New International Version
Adam made love to his wife Eve, and she became pregnant and gave birth to Cain. She said, "With the help of the LORD I have brought forth a man."
New Living Translation
Now Adam had sexual relations with his wife, Eve, and she became pregnant. When she gave birth to Cain, she said, "With the LORD's help, I have produced a man!"
English Standard Version
Now Adam knew Eve his wife, and she conceived and bore Cain, saying, “I have gotten a man with the help of the LORD.”
New American Standard Bible
Now the man had relations with his wife Eve, and she conceived and gave birth to Cain, and she said, "I have gotten a manchild with the help of the LORD."
King James Bible
And Adam knew Eve his wife; and she conceived, and bare Cain, and said, I have gotten a man from the LORD.
Holman Christian Standard Bible
Adam was intimate with his wife Eve, and she conceived and gave birth to Cain. She said, "I have had a male child with the LORD's help."
New World Translation 2013
Now Adam had sexual relations with his wife Eve, and she became pregnant.a When she gave birth to Cain,b she said: “I have produced* a male child with the help of Jehovah.”
It has been contended that adding "help" as NIV does is unwarranted because that adds to what the Hebrew text actually states. Compare YLT for example. However, is the addition of this word a deliberate mistranslation? Not in my estimation because part of translation involves making things clear for one's receptor audience: translating is going from the source language to the receptor language. Producing a stilted "literal" translation may actually be misleading. Note how many translations above use the word "help." The fact is that "help" is an understood/implicit element of the utterance.
Cambridge Bible offers this explanation for why "help" might be used:
I have gotten a man with the help of the Lord] Literally, “I acquired (or, have acquired) man, even Jahveh.” Eve’s four words in the Hebrew (ḳânîthi îsh eth-Yahveh) are as obscure as any oracle.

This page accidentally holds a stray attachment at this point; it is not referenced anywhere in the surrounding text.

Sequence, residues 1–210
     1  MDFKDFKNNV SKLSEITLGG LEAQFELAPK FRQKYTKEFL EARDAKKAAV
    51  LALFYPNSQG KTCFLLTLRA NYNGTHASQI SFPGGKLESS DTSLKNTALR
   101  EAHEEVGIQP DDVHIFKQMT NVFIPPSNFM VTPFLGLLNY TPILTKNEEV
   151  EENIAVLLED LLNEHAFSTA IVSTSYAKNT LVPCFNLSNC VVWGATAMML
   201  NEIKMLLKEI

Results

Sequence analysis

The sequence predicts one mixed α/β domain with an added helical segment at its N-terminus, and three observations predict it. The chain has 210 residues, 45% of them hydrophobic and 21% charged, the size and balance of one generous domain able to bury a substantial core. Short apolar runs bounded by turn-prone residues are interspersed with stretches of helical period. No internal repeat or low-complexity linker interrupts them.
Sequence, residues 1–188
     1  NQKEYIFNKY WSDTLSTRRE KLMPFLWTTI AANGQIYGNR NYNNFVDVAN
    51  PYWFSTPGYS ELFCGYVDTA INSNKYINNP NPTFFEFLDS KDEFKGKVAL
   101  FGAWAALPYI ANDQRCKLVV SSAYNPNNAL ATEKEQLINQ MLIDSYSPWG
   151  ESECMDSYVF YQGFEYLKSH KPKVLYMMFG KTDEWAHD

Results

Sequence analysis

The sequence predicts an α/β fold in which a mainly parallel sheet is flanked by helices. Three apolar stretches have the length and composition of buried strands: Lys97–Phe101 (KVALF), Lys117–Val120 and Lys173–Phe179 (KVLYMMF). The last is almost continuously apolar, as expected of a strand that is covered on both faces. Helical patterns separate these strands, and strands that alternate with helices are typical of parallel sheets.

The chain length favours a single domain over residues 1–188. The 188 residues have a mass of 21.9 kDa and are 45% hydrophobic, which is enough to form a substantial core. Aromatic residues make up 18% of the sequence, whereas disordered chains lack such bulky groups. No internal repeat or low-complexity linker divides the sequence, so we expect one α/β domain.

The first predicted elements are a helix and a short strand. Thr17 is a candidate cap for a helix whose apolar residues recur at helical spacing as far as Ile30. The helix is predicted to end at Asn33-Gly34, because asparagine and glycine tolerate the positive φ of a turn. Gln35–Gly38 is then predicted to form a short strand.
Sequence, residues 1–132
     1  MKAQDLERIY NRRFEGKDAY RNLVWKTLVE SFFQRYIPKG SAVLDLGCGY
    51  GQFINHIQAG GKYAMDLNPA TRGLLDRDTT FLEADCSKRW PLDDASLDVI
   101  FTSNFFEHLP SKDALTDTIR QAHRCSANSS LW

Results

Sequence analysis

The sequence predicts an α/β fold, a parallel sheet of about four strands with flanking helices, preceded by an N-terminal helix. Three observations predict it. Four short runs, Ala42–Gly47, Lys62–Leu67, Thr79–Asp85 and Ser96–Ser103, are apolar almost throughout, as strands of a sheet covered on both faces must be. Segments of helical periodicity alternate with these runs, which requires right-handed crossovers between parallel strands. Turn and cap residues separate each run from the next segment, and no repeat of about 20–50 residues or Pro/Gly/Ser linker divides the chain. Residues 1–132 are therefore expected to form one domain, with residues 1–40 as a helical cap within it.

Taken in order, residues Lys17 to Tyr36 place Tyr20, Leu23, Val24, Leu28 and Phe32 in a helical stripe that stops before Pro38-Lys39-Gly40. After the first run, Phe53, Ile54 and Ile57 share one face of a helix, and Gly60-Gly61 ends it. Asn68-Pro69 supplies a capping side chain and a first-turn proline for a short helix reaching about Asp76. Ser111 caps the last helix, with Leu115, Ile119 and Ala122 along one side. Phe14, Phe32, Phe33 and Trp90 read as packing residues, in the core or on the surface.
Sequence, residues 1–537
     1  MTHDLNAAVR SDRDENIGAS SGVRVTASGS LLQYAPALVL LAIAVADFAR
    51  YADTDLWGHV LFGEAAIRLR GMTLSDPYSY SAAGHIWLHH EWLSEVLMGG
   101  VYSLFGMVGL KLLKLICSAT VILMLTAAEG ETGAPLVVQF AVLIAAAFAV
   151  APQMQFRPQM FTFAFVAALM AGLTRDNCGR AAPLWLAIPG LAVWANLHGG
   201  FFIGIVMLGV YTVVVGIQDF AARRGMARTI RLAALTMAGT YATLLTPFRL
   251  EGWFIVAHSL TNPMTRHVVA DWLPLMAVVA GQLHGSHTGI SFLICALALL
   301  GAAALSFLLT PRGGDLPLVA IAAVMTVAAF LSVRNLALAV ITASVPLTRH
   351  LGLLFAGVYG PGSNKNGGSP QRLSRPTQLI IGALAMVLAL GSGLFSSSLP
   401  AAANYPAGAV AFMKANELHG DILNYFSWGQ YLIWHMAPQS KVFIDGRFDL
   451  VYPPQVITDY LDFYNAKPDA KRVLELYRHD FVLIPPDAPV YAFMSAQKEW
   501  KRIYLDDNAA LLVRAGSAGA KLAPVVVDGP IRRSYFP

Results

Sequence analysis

(i) The difficulty was felt at a very early time, and is reflected in the versions LXX διὰ τοῦ θεοῦ, Lat. per Deum, in which, as R.V., the particle êth is rendered as a preposition in the sense of “in conjunction with,” and so “with the help of,” “by the means of.”
König, who holds an eminent position both as a commentator and as a Hebrew grammarian and lexicographer, has recently strongly defended the rendering of êth as a preposition meaning “with,” in the sense here given by the English version “with the help of” (see Z.A.T.W. 1912, Pt i, pp. 22 ff.). The words will then express the thanksgiving of Eve on her safe deliverance of a child. It is a pledge of Divine favour. Child-birth has been “with the help of the Lord.”
(ii) The Targum of Onkelos reads mê-êth = “from” (instead of êth = “with”), and so gets rid of the difficulty: “I have gotten a man from Jehovah,” i.e. as a gift from the Lord. But this is so easy an alteration that it looks like a correction, and can scarcely be regarded as the original text. Praestat lectio difficilior.
From NET Bible:
tn Heb “with the Lord.” The particle אֶת־ (’et) is not the accusative/object sign, but the preposition “with” as the ancient versions attest. Some take the preposition in the sense of “with the help of” (see BDB 85 s.v. אֵת; cf. NEB, NIV, NRSV), while others prefer “along with” in the sense of “like, equally with, in common with” (see Lev 26:39; Isa 45:9; Jer 23:28). Either works well in this context; the latter is reflected in the present translation. Some understand אֶת־ as the accusative/object sign and translate, “I have acquired a man – the Lord.” They suggest that the woman thought (mistakenly) that she had given birth to the incarnate Lord, the Messiah who would bruise the Serpent’s head. This fanciful suggestion is based on a questionable allegorical interpretation of Gen 3:15 (see the note there on the word “heel”).